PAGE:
For specific information about each state, click your state on our map or find your state in the navigation box on the right.
Note:If you have any questions or comments about the research on this page, email us.
As of April 2015, there were 39 distinct ballot-qualified political parties in the United States. There were 221 state-level parties. Some parties are recognized in multiple states. For example, both the Democratic Party and the Republican Party are recognized in all 50 states and the District of Columbia. These two parties account for 102 of the 221 total state-level parties.
Only parties that have qualified for ballot status in their respective states are included in this tally. In order to become ballot-qualified, a party must meet certain requirements. For example, in some states a party's candidate for a specific office must win a certain percentage of the vote in order for the party to be ballot-qualified in the state. In other states, a political party must register a certain number of voters in order to achieve ballot status.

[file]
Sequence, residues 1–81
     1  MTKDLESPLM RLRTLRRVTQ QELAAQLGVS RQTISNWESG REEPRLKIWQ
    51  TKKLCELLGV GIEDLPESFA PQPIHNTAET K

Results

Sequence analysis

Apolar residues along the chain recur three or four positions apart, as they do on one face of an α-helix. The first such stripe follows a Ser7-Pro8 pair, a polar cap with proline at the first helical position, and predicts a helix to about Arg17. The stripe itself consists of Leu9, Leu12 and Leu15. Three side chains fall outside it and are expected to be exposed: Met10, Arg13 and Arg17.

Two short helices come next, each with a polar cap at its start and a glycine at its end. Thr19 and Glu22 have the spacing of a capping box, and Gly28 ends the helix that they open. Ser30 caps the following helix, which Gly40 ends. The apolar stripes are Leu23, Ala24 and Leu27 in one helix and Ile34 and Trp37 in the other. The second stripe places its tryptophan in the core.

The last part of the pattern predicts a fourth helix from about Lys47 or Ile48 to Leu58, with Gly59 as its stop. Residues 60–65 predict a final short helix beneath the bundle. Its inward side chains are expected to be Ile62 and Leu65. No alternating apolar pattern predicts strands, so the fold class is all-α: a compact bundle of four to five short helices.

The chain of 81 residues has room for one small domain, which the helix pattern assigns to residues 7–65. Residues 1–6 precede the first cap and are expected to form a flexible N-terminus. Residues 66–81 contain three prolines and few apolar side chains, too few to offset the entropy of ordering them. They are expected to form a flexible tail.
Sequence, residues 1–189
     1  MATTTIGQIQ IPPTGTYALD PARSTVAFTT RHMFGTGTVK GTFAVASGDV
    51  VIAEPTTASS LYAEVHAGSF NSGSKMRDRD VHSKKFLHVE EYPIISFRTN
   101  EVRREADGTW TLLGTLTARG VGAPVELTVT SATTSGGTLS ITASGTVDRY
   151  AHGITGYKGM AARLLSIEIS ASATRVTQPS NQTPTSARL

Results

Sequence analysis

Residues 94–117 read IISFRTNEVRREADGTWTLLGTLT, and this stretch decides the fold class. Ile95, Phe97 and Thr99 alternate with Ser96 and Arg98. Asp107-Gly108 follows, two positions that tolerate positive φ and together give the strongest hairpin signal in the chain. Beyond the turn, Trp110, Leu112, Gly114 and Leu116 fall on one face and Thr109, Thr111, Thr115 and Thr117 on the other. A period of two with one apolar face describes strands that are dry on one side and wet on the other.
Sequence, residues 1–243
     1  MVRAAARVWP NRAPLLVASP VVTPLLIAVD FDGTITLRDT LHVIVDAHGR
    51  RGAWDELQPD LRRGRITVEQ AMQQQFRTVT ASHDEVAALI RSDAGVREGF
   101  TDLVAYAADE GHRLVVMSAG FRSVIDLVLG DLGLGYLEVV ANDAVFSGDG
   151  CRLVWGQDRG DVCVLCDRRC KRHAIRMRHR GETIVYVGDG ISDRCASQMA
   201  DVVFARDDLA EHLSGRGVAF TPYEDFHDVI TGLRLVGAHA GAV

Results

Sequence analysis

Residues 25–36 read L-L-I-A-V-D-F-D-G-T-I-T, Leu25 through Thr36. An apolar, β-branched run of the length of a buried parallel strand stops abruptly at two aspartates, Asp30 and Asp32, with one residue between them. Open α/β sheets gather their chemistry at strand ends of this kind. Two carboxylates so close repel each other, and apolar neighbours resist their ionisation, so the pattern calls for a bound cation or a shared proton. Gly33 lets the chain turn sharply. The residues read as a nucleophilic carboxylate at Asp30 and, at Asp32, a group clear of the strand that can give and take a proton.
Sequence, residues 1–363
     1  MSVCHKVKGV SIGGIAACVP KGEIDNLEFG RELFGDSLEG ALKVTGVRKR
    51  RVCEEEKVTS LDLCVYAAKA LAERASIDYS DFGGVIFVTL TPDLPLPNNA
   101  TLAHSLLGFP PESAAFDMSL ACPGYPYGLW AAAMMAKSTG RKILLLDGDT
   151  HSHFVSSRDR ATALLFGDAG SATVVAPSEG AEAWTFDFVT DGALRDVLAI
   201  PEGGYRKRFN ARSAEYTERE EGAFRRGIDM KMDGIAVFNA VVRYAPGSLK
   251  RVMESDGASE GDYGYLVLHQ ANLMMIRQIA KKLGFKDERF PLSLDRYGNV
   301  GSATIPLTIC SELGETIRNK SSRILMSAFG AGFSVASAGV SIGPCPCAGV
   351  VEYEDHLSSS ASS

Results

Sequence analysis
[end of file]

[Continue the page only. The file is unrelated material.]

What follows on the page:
Three minor parties are recognized in more than 10 states:
The table below lists the distinct ballot-qualified political parties in the United States as of April 2015.
|Total state affiliates for each political party, April 2015|
|Political party||Number of states|
|America First Party||1|
|American Constitutional Party||1|
|American Independent Party||1|
|Americans Elect Party||3|
|D.C. Statehood Green Party||1|
|Green Independent Party||1|
|Independent American Party||3|
|Legal Marijuana Now Party||1|
|Liberty Union Party||1|
|Natural Law Party||2|
|Pacific Green Party||1|
|Party for Socialism and Liberation||1|
|Peace and Freedom Party||2|
|Socialist Workers Party||1|
|U.S. Taxpayers Party||1|
|United Citizens Party||1|
|United Independent Party||1|
|Working Families Party||4|